Category: Video

80 Snakes, 12 Hours, 2 Days…

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After spending 5 and 7 hours, respectively, at Snake Road over the last weekend on Friday and Saturday, I think I’ve found more snakes over those two days than I’d ever seen before in my life.  22 (Fri) and 58 (Sat) = 80 snakes!  That, and a few amphibians, made for a spectacular day along the bluffs at this unique natural area.

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Cottonmouths (Agkistrodon piscivorus) were the dominant species, representing 80% of all snakes found (64 snakes)!  About half were immatures (neonates) a foot or so long.

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Above is one of those neonates, demonstrating why no one jumps into leaf piles at Snake Road.

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If you couldn’t find the neonate in the previous photo, the snake was successful.  This other neonate on the road isn’t quite as effective at blending in.  Neonate Cottonmouths have a pattern of camouflage that matches fallen leaves, enabling them to hide in plain sight on the forest floor. Adults, more aquatic, have darker coloration that more closely matches the shaded waters of the swamps wherein they live.  Furthermore, adult Cottonmouths, simply due to their size, have fewer predators.  Both neonates and adults are quite venomous, however.

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Additionally, both are remarkably good at vanishing into  the thick grasses along the edge of the road.  For this reason, constant vigilance and walking with a companion or two is highly recommended.  That way you don’t just happen upon one of these guys:

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My usual method at Snake Road, when I’m on my own, is to meet someone on the road (this time of year there’s a few dozen-safety in numbers and plenty of eyes to find everything) and I’d hang with them for a bit until they had to leave or I had to leave.  This sort of thing, combined with my usual hiking/birding, probably puts me at greater risk of  being murdered by a serial killer than the average person.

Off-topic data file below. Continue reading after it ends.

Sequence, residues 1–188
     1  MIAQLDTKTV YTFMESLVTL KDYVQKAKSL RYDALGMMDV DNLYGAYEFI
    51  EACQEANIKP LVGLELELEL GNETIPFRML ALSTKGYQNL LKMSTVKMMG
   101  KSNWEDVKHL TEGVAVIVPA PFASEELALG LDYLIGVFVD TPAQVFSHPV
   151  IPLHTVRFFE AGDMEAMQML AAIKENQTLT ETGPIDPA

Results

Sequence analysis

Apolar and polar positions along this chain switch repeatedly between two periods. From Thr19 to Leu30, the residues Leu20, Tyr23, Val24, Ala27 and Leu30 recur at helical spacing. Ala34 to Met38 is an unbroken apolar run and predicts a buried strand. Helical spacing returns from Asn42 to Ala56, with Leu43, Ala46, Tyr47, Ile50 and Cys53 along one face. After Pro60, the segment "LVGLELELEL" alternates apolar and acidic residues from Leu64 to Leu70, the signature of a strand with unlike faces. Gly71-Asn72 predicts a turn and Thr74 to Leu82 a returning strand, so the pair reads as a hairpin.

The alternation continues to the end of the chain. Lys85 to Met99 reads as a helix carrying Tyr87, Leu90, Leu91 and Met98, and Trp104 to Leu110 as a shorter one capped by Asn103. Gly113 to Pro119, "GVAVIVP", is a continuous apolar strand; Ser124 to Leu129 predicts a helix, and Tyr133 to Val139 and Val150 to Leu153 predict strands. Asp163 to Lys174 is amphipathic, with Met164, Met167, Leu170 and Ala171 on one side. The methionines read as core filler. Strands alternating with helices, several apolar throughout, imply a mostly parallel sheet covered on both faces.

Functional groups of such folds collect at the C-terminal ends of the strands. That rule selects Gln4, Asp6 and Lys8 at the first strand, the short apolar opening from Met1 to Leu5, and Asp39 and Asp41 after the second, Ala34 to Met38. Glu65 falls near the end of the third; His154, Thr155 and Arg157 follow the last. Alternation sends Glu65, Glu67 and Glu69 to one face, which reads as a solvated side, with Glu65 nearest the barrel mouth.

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That was a minor factor in why I went with a buddy on the first of the two trips to Snake Road discussed in this blog.  Before going to the Road itself, we stopped off along the way at a nearby “waterfall.”  Points will be awarded if you know where this is, and say so in the comments.

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An Eastern Chipmunk (Tamias striatus)  hid off to the side of the path.  I’ve realized lately how often the mystery bird calls I hear are chipmunk or squirrel noises.

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Another tier of the three at the “waterfall”.  Yes, there’s a reason it’s in quotation marks.

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So, my friend had never visited Snake Road before.  Nor had he seen a genuine Cottonmouth.  I showed him both.  At one point, we were looking at a Cottonmouth, when another one slithered out of the grass a few feet away from his shoe and scared the crap out of both of us.  The snake then dove for the water, leaving us hyperventilating on the shoreline.  That’s when the third Cottonmoth chose to appear, albeit more slowly.  We decided it was time to move on.

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We went up to the edges of the bluffs, but these are not free of snakes…

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Never stick your hand in a crevice at Snake Road, unless you really WANT it amputated. A serious Cottonmouth bite can require amputation, although usually you’d deserve the bite to provoke that serious of a defensive response from the snake.  Generally, Cottonmouths are very passive and will watch you from a distance as they slowly move out of your way.   Reaching into a hole with a snake that has no escape route (fight or flight), however, is a really bad idea, almost as bad as wearing sandals here… which I also saw people doing.

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More than Cottonmouths lived in the rock crevices, however.  Our lifer Cave Salamanders (Eurycea lucifuga) hid in a small wet grotto along the road.  We got good looks at them after double-checking the grotto for small Cottonmouths.  A flashlight is highly recommended here.

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The following day, a bunch of Canadians from Ontario and I ended up looking for Cave Salamanders under a rock in a creek, which proved to have several.  Generally, this species is found in caves, but they do belong to the brook salamander genus for a reason.